Data analytics for SEO is still a relatively new field, and as such, there are some philosophically intriguing areas of focus that anyone trying to improve their page rankings should be ready to lend some careful consideration to.
Professionals, analysts, executives, marketing managers, and anyone else involved in working with SEO are constantly faced with some perplexing challenges where algorithms and metrics are concerned. Among the most baffling can be Goodhart’s Law, which poses the theory that when a measure turns into a target, it is no longer a good measure. What this basically means is that once you become focused on a particular key performance indicator (KPI), the quality of that metric stands a good chance of deteriorating as you strive to hit the goal you’ve set.
Google was first faced with this issue in the 90’s when they first announced their SEO metrics. When people found out the algorithm for page ranking, they started creating a lot of fake links to link back to their original site. Many businesses were so focused on getting their sites ranked higher that they just created a lot of useless webpages that ended up hurting their brand in the long run. Even though the quantity of clicks was high, the quality was terrible.
Finding a Balance between Quality and Quantity
These days, Google updates its algorithms several times throughout the year in an effort to ensure that people are constantly analyzing and setting new metrics for their sites, which puts them as close to solving the SEO version of Goodhart’s Law as they can. If the law states that a measure ceases to be a measure the moment it becomes a target, then the best thing to do would be to change the metrics all the time, which is exactly what Google has been implementing.
Your business should follow suit and focus on constantly analyzing the performance of your website by monitoring metrics that are specifically tailored to your meet your own performance requirements.
If you never tweak the KPI metrics you set for your site on day one, and you only pay attention to Google’s algorithms for the week, something will always be missing or wrong. One way for you to try to beat Goodhart’s Law is by staying updated on Google’s algorithms while simultaneously keeping on top of your site’s specific performance and tweaking your KPIs as needed.
Read next: How to Build a Dynamic Balanced Scorecard
As a general rule, you should always be looking to improve on the following metrics:
Traffic metrics deal with who visits your website and how they ended up there. You can gather enough information from one traffic report to set a whole bunch of new metrics goals for your site. Checking your traffic report regularly will help you tweak different areas of your site so that you can eventually find and set a strategy that works best for keeping your numbers growing week after week.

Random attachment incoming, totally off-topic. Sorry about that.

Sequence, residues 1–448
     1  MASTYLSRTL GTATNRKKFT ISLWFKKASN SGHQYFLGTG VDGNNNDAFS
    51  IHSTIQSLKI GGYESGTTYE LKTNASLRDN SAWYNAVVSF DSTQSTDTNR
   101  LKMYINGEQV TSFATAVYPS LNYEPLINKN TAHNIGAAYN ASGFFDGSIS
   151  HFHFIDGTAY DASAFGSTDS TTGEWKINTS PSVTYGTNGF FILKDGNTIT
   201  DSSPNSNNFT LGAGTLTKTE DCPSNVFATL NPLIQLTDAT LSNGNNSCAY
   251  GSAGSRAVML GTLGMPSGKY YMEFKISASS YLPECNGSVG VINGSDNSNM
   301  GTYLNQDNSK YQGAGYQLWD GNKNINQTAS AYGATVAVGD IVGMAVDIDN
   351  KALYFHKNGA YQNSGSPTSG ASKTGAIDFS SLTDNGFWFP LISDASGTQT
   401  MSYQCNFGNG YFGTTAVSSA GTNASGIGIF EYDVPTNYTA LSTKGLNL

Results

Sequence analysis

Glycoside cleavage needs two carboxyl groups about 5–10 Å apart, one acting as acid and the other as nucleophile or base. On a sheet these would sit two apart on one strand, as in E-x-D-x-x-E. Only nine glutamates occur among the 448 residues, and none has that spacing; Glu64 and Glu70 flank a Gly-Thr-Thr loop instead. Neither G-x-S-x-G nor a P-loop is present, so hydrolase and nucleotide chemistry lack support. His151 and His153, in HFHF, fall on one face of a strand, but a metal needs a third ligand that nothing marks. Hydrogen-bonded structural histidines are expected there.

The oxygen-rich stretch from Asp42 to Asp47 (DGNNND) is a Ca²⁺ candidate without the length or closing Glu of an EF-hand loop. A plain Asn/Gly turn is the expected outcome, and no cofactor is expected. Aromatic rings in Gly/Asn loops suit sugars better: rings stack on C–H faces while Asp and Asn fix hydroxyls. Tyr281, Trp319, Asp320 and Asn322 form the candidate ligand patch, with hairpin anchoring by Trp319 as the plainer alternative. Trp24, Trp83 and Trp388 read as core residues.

Impressions and SEO Queries
Impressions and SEO Queries metrics will show you not only how many times your website’s URL has appeared in organic search results, but why it has appeared there. It’s important to stay up to date on popular search terms so that you can tailor your SEO targets accordingly.
You’ll need to set conversion goals metrics for your site and follow through on them, not only to raise the numbers of people who help you complete the goals, but so that you can understand how and why they have completed them and set even more goals.
Anyone involved in working with SEO knows that these days, content is king. Blog posts are essential for any website to get recognition and a lot of focus needs to be placed on this metric. However, this is probably the one metric that Goodhart’s Law applies to most. Knowing the most popular keywords, isn’t going to help you reach the top of Google alone. The content you post in your blogs needs to be engaging and unique in order to be recognized and accepted by Google, and to increase the number of visitors that actually click through your blog.
The longer the visitor spends on your site the better, so pay close attention to your bounce rate. This metric should be as low as you can get it, but since it’s virtually impossible to know with certainty the reason why this number might be high, the best thing to do is watch it when you tweak another metric on your site and see if you can find some correlation between a change and an improved bounce rate.
Dig Deeper than Data
Finding a balance between quality and quantity by keeping the focus on both and prioritizing each equally is the only way that we have a chance of overcoming the issues posed by Goodhart’s Law. Data analytics where SEO is concerned always goes deeper than the numbers alone. Success in this realm requires some careful consideration about the quality of your content, the behaviors of your target base, and some more philosophical questions as well.